*One of my field plots at the Kaua'i Agricultural Research Center  
Current Research Projects:

Invasive aphid species in the Hawaiian Islands:

Though none are native, at least 96 aphid species can be found on one or more of the Hawaiian Islands. As aphids cause both direct feeding damage and plant virus transmission, it is of great interest to identify the traits which have enabled these species, and not heterospecific congeners, to invade the archipelago. I am currently assimilating data on ecological and physiological traits believed to contribute to successful colonization of invasive species, for aphids. I am also currently investigating the extent to which intraspecific variation (i.e., both genotypic and phenotypic) has contributed to invasive success.

Population and community functioning in response to global climate change:

Although much has been learned in recent years about the effects of increased levels of CO2 and O3 on plants, exceedingly little is known about the effect of these gases on ecological interactions occurring across multi-trophic levels (e.g. plant/herbivore/natural enemy). My research at the Aspen FACE (Free-air CO2 and O3 enrichment) site in northern Wisconsin allows me to address how insect behavior, phenotypic plasticity, and the genetic structure of populations may be altered under atmospheric change. Preliminary data indicate that both behavior and phenotypic plasticity will change under increased levels of CO2 and O3. Furthermore, a changing climate may also result in changes in gene frequencies of insect populations, as parasitoids and predators exhibit different host preferences under different atmospheric conditions.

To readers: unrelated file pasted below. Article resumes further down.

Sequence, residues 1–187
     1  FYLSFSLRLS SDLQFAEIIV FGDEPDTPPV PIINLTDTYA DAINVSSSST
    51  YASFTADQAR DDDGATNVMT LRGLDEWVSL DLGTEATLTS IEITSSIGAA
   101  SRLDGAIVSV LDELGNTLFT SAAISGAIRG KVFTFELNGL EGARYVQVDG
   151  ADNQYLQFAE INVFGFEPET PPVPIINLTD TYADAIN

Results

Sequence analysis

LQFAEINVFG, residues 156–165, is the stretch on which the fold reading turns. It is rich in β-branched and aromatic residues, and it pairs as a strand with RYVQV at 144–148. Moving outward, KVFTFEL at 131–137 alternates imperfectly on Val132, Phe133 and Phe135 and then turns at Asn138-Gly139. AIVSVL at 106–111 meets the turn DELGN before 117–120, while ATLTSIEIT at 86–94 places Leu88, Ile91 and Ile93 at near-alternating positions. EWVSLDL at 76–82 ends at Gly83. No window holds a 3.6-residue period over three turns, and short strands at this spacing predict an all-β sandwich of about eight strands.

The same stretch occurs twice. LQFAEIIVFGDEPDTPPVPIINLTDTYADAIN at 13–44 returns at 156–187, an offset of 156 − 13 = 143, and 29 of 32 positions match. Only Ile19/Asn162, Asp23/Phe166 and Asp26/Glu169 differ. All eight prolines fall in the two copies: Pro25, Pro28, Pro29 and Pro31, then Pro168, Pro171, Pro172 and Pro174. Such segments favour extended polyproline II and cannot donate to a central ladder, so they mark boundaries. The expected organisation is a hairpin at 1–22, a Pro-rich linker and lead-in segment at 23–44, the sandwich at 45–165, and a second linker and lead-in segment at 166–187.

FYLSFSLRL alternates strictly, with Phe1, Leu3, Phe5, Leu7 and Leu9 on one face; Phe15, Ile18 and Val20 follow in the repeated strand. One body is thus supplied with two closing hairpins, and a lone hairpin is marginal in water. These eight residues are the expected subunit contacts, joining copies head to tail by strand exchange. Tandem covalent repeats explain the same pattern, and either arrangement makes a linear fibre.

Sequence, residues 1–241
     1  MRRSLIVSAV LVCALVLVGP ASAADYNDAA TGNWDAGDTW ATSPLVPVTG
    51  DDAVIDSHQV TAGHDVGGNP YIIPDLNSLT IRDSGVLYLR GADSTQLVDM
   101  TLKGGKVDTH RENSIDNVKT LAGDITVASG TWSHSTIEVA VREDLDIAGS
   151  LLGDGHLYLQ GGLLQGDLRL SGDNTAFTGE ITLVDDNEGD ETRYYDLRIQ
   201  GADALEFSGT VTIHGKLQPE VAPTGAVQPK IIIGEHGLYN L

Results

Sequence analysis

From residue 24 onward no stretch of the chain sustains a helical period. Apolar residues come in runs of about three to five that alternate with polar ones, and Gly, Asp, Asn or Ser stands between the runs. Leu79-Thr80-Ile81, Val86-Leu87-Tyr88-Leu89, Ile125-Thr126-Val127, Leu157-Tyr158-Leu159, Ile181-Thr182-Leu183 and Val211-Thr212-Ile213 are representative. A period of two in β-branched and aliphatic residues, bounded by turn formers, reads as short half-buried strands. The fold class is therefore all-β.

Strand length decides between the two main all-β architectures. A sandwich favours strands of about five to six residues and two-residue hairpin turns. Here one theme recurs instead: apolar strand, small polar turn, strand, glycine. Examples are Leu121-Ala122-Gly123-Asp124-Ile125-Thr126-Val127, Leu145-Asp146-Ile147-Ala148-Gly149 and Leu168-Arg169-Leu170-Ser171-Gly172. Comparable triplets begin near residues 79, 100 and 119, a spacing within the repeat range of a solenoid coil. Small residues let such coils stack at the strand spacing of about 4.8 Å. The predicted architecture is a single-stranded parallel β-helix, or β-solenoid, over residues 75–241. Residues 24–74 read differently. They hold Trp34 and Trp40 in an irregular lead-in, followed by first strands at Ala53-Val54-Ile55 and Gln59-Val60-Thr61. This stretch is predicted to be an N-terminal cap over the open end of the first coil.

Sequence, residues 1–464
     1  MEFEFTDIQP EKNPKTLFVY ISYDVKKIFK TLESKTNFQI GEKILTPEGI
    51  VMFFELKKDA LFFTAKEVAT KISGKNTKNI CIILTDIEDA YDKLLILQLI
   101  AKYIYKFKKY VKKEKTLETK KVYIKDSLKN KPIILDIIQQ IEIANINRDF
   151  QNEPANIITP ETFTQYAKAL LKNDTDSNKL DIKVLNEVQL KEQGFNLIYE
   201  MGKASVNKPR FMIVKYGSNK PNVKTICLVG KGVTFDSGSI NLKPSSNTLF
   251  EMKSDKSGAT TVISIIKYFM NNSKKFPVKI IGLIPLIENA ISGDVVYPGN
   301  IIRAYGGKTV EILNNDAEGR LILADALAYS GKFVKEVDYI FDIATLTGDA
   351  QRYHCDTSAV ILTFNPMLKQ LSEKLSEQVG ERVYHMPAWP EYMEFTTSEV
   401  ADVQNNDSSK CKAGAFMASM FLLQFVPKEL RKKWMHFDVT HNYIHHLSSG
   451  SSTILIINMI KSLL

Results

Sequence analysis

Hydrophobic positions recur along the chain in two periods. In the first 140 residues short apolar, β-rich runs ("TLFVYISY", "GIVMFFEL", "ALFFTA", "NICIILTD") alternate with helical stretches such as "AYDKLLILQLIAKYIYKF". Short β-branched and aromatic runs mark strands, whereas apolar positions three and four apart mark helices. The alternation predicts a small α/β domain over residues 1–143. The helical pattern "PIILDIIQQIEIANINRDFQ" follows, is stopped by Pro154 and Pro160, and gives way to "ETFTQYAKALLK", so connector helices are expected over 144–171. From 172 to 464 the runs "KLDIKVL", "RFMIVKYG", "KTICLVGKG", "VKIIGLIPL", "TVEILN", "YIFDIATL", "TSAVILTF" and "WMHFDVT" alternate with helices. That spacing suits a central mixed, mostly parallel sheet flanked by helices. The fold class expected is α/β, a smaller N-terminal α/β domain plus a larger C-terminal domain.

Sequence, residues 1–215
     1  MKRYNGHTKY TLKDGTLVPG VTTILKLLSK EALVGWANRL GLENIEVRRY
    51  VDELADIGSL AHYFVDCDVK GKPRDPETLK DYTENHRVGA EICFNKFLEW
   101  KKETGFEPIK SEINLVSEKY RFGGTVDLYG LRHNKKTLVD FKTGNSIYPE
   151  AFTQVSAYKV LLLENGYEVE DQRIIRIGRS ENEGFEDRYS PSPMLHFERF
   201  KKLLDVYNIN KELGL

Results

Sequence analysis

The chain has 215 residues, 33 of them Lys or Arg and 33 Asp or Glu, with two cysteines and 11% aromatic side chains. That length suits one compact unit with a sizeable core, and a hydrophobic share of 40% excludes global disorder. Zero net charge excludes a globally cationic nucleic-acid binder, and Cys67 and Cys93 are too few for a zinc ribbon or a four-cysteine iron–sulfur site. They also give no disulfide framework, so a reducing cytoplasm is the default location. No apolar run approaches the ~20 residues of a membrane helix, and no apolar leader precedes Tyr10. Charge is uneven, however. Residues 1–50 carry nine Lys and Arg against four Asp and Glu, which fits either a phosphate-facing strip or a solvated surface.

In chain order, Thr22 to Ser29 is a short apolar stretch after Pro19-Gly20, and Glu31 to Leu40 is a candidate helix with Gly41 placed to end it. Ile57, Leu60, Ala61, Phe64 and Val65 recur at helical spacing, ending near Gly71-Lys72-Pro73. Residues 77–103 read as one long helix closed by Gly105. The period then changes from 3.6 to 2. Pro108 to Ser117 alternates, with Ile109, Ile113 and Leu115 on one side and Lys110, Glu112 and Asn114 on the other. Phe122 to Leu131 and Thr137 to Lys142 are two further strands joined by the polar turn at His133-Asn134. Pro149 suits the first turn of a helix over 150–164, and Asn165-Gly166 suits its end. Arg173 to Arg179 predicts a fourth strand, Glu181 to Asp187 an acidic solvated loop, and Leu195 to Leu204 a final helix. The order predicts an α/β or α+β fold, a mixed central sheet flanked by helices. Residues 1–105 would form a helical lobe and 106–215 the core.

Insect alarm signaling:

Understanding how insects defend themselves from predators using alarm pheromones, allows insight not only into the evolution of intra-specific signaling, but also into how these compounds may be used to disrupt chemical communication among pest insects in IPM programs. As a model system, I conduct my research on pea aphids, Acyrthosiphon pisum, and multicolored Asian ladybird beetles, Harmonia axyridis. It is becoming clear that aphids use their cornicles (anatomical structures unique to aphids) to daub alarm pheromone droplets directly onto predators, so that clone-mates receive advance warning of a predator. By co-opting predator search behavior, information is relayed to clone-mates regarding predator location.

Phenotypic plasticity and mutualistic interactions:

I am also investigating aphid phenotypic plasticity in the presence and absence of ant mutualists, using facultative ant-tended cotton aphids, Aphis gossypii. Cotton aphids have high levels of plasticity, as a clone consists of any number of 4 alternate phenotypes, including winged and 'dwarf' individuals. Dwarf aphids have been viewed as a 'resistant phenotype' to declining host plant quality, however, cotton aphids also alter offspring phenotypes in response to chemical cues from searching predators. On plants previously searched by ladybird beetles, aphids produce primarily winged offspring. Subsequently, these winged aphids produce primarily dwarf offspring. Thus, chemical cues from searching predators generate transgenerational phenotypic changes in cotton aphids. The costs and benefits of producing dwarf offspring are a significant part of my ongoing research.

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